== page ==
Hint: You can’t use the same Apple account to upload/sell music in the iTunes Store as upload upload applications to AppStore. Create a new account before buying the iPhone developer program to stay out of trouble.
If you’d ever need to use the screencapture command from a scheduled job (like launchd in OS X) or from a SSH session, you might find out that it doesn’t allow you to do that since you’re not the logged in user.
To work around that, run the scheduled jobs as root and exec screencapture like this instead:
A few days ago we launched a new web service we’ve had in the making for the last couple of months. It’s called Show & Tell and is basically an online calendar for lectures, book releases, artist talks, and other events in Stockholm containing some sort of showing and telling. The idea is incredibly simple, but up until now there was no website gathering all such events. Sure, many do exist on Facebook, but not nearly all of them, and there is a lot to wish for when working with and/or subscribing to Facebook events (to not mention the fact that Facebook owns all the content). Since we anyway would add everything interesting to a shared work calendar, the step to making a new calendar and publish it online was very easy.
The calendar uses Google Calendar as its backbone. A calendar (called www.showtell.se) on Gcal is shared between us and a bunch of friends in different corners of the Stockholm cultural world. The calendar is then published using the built-in Gcal widget on a webpage hosted by us; www.showandtell.se (or www.showtell.se). Events can be added by the editors straight to gCal, or though iCal (/Outlook/etc) and automaticly synced with gCal using for example Spanning Sync.
A few years ago we created a very simple service called Calinker. Its purpose was to reduce the number of times you and your friends/guests/coworkers etc have to enter the exact same calendar information to your own calendars. So instead of just sending your friends a date and location when the next dinner party is, with Calinker you can create that event one time and instead just share the link. The user can download the ICS-file to their own calendar software of choice (like Outlook, Apple iCal, Google Calendar etc).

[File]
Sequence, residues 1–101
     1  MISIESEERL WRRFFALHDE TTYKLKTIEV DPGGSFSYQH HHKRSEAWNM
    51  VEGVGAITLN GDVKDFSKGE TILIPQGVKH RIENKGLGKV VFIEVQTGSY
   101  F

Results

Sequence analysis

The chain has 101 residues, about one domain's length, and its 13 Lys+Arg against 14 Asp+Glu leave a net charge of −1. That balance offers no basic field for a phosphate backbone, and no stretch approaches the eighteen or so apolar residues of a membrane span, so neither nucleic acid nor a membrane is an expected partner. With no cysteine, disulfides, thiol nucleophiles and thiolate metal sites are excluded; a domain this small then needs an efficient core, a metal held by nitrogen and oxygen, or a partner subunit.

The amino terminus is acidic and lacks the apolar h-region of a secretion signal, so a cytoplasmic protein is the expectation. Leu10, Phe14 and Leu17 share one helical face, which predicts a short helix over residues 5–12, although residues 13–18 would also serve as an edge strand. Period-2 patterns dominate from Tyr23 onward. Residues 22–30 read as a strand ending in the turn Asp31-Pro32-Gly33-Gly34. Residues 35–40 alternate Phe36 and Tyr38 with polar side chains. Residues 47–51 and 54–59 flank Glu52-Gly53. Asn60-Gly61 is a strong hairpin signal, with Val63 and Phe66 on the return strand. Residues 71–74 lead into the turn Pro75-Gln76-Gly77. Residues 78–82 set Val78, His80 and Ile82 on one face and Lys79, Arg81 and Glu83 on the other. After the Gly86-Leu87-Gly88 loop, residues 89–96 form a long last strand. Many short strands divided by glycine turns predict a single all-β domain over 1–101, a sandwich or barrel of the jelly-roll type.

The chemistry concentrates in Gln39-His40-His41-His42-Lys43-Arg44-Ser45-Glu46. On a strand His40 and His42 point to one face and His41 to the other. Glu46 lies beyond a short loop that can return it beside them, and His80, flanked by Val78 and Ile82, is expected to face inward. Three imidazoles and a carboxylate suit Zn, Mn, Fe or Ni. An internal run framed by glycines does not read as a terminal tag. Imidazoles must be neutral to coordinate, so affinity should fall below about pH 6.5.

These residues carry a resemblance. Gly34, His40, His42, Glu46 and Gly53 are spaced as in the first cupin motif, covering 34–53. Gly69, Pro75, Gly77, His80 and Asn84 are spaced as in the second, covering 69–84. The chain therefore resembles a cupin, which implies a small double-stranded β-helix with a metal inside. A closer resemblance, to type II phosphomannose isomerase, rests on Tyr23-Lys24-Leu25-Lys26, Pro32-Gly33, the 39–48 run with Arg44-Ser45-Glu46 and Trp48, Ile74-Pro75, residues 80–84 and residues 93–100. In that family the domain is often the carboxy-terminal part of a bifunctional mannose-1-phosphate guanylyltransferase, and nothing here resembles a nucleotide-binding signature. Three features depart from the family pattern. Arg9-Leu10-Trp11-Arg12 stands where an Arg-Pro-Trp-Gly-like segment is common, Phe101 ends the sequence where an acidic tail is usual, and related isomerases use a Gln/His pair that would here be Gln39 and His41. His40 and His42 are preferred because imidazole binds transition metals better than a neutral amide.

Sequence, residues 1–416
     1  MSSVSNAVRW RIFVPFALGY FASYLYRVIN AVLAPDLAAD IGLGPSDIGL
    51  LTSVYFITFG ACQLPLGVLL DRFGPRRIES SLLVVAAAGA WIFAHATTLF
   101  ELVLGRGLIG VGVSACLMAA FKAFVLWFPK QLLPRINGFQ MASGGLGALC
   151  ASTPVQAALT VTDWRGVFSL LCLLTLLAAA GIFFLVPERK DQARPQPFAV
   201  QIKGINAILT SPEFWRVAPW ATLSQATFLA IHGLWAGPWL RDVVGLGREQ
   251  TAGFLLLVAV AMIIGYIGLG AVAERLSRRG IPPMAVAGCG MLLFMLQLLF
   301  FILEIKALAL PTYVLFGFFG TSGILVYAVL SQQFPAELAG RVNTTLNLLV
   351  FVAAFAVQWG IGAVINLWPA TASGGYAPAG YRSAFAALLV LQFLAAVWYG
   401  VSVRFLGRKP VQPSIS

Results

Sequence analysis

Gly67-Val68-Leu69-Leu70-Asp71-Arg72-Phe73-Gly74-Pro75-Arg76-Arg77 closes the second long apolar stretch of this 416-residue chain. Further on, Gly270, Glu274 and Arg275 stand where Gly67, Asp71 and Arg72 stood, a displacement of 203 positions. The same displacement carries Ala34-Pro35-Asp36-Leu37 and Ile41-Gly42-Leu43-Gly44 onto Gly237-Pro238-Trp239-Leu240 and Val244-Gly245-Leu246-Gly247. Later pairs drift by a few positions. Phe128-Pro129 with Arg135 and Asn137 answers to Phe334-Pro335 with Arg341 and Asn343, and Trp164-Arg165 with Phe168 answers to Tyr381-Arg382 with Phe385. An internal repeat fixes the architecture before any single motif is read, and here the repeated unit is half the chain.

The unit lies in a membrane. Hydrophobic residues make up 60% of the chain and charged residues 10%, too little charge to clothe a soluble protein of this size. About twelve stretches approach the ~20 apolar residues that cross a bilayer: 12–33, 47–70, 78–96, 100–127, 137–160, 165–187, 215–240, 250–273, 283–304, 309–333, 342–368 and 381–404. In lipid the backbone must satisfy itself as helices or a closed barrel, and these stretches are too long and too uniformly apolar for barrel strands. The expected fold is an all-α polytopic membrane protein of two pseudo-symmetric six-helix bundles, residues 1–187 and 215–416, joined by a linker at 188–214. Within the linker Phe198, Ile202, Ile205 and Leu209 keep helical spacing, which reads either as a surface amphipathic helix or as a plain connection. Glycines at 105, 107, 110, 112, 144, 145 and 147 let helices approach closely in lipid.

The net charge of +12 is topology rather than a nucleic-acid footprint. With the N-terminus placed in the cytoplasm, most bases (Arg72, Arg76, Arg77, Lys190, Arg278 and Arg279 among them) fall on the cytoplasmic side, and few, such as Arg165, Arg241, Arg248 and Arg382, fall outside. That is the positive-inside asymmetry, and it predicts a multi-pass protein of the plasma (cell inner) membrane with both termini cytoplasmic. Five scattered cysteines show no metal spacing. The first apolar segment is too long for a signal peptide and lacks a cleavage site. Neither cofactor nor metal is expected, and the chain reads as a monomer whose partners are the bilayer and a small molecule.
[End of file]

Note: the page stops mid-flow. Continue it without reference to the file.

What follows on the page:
Create events from e-mail
One smart feature with Calinker is the the possibilty to email events from any email address and in return get a link to a automaticly created event at Calinker.com (example), with all the info already filled in. When finding an event of interest online, all a S&T editor needs to do is use the ‘mail contents of this page’ feature in Safari, e-mail the event to Calinker, get a link in return, click the ICS-file and add the event to iCal that automaticly syncs itself onto S&T via Spanning Sync and Gcal. This of course works great with event invitations via email too; just forward the email to Calinker and get a link in return with the ICS file.
A lot of features we wanted on S&T (like maps, ICS-generation etc) already existed on Calinker so we wanted to re-use as much as possible for Show & Tell, especially for the ‘suggest’ feature (where people can suggest/inform us on new events). Using the inofficial Calinker API, we just post the event info from S&T to Calinker (via a proxy to allow cross domain AJAX) and the editors get an e-mail back with the ICS link, ready for Google Calendar. This was the most simple way of dealing with the suggest feature since we could re-use many parts we already had built for Calinker.
Making Show & Tell SEO friendly
Show & Tell also contains two linklists, both showing off linkli.st‘s potential as a lofi CMS: The first one is quite obvious; the tab called ‘Online lectures’ is basically an embedded linklist (original here), making it possible for us to update S&T straight from linkli.st. The second one is a bit more secret; The list of all editors of the site, under ‘About’ (original here). This is simply because editors might be added over time, and it’s easier to use linklist when adding an editor than having to bump an update of the complete S&T website.
Show & Tell is also present at Twitter, as a reminder service before each event starts. The setup is quite experimental and works about 80% of the time, but we like the lofi-ness of it and decided to keep the system even though it’s not completley reliable. Here is how it works: Google Calendar has a feature where you can get a reminder emailed to you every time an event in your calendar is about to happen. That reminder is in our case set to 3 hours, and emailed to one of our Gmail accounts. In Gmail, a folder is set to re-route all incoming Google Calendar reminders to an account at twittercounter.com. Twittercounter.com is a web service that forwards e-mails to Twitter, and as soon as the e-mail reaches it, the email is turned into a tweet and posted by @showtellse. Since the actual Google Calendar itself is called www.showtell.se and every reminder tweet automaticly contains the name of the calendar (example), the clickable url is featured in every tweet, thus making it easy to find out more about each event.